We went to Colsterdale on Sunday. It’s nearby, but feels remote and isolated, because the only road through leads nowhere very much and so it remains one of North Yorkshire’s best kept secrets. Perfect for a Day Out whilst maintaining that all-important Social Distance.
Edged by the pastoral views of farming country, it climbs to become stark, treeless, commanding views to the distant North York Moors, and to the higher parts of the Pennines. Its ascetic bleakness is what appeals to me.
We’d almost reached the area where we planned to park and begin our walk, when I saw them. There! There on the roadside! Look! Two curlews, almost within touching distance. These are shy, beautifully camouflaged birds normally only seen and heard as they quarter the sky, calling the evocative plaintive sound – ‘cur-lee, cur-lee’ – which gives them their name. These two were probably drawing a would-be predator away from the nest.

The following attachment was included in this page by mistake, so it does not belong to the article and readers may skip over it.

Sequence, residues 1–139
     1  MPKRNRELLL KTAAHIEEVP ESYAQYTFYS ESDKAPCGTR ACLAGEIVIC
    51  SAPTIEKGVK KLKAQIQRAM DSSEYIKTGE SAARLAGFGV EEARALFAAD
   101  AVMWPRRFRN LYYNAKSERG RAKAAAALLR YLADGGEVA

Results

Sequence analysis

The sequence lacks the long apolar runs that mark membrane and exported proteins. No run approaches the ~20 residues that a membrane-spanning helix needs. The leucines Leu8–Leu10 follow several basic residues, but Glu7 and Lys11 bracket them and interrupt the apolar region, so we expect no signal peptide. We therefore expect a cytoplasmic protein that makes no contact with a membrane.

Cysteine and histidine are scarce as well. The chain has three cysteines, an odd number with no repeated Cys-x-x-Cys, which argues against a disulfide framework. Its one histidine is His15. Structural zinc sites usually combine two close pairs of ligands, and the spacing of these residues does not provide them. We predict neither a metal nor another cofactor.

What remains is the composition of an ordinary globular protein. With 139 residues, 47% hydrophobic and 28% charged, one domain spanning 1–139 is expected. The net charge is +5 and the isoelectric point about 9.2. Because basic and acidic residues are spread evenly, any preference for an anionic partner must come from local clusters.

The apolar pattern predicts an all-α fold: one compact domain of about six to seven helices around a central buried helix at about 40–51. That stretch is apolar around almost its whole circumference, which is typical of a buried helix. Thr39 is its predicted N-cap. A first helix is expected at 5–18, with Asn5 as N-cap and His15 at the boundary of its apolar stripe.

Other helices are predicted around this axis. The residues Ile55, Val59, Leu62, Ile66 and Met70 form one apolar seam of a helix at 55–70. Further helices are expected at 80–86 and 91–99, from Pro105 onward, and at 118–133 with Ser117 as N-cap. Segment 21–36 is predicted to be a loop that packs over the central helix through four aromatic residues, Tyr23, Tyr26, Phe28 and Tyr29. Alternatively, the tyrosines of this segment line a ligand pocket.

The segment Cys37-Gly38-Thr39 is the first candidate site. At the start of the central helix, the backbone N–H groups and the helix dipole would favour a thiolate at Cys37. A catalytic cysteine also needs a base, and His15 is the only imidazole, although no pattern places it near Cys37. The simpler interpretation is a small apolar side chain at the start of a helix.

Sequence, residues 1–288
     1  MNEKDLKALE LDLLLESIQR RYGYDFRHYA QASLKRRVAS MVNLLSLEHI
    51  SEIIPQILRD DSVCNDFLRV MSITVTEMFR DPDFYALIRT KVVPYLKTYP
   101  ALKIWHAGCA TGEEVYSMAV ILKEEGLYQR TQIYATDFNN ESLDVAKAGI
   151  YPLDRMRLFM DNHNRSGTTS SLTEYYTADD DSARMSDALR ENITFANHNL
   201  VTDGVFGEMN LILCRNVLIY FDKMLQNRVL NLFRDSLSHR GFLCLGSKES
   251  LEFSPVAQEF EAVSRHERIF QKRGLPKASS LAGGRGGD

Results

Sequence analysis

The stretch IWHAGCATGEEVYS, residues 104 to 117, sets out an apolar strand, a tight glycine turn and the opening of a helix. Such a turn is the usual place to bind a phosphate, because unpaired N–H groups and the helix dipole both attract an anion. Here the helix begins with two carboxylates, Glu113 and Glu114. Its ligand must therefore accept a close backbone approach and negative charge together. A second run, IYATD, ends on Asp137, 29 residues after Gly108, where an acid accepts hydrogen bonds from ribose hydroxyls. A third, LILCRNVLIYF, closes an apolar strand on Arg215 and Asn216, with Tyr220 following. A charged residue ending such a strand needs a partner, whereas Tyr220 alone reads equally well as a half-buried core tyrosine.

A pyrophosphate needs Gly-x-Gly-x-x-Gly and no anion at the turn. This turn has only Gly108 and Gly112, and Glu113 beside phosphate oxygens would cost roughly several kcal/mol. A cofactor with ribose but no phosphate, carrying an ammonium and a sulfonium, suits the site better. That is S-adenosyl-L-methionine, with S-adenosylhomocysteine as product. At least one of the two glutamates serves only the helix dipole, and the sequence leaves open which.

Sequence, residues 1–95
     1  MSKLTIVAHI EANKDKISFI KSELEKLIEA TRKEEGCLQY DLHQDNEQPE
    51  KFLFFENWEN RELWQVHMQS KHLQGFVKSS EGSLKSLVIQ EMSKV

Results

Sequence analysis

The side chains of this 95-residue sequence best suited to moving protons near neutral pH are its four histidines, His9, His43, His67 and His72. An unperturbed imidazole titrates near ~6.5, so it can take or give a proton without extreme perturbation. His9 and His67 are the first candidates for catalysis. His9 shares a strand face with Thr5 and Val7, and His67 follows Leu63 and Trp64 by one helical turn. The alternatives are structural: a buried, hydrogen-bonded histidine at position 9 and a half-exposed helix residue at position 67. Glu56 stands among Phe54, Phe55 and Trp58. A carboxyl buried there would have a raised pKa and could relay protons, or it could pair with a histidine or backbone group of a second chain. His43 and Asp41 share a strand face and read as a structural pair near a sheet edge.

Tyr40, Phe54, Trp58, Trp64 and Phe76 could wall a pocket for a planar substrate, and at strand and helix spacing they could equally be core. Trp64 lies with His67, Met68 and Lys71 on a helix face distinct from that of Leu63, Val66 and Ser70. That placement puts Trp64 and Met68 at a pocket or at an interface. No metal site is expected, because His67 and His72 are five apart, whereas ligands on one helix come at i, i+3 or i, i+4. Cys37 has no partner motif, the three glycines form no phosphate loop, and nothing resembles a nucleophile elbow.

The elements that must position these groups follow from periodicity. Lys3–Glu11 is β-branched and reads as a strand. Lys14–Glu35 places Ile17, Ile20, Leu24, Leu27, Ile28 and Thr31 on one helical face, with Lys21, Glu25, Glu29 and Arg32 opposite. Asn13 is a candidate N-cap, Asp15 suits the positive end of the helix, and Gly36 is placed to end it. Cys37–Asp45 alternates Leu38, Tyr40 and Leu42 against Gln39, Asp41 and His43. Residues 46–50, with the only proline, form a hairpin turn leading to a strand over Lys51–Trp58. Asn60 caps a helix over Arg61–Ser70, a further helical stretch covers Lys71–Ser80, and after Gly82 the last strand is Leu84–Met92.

Whatever the reason, it was such a privilege to watch these birds at close quarters, with their mottled, camouflaging plumage, and their distinctive long downward-curving beaks.
YouTube RSPB video
They flew away after a couple of minutes, and we began our walk, relishing the space, the wild emptiness and the only sounds those of distant curlews.
Addendum: several commenters have expressed surprise about the curlew frequenting moorland. Just to show how very much at home the bird is in these surroundings, here is proof. It is the symbol for the nearby long distance walk, the Nidderdale Way. FAO Jude, Agnes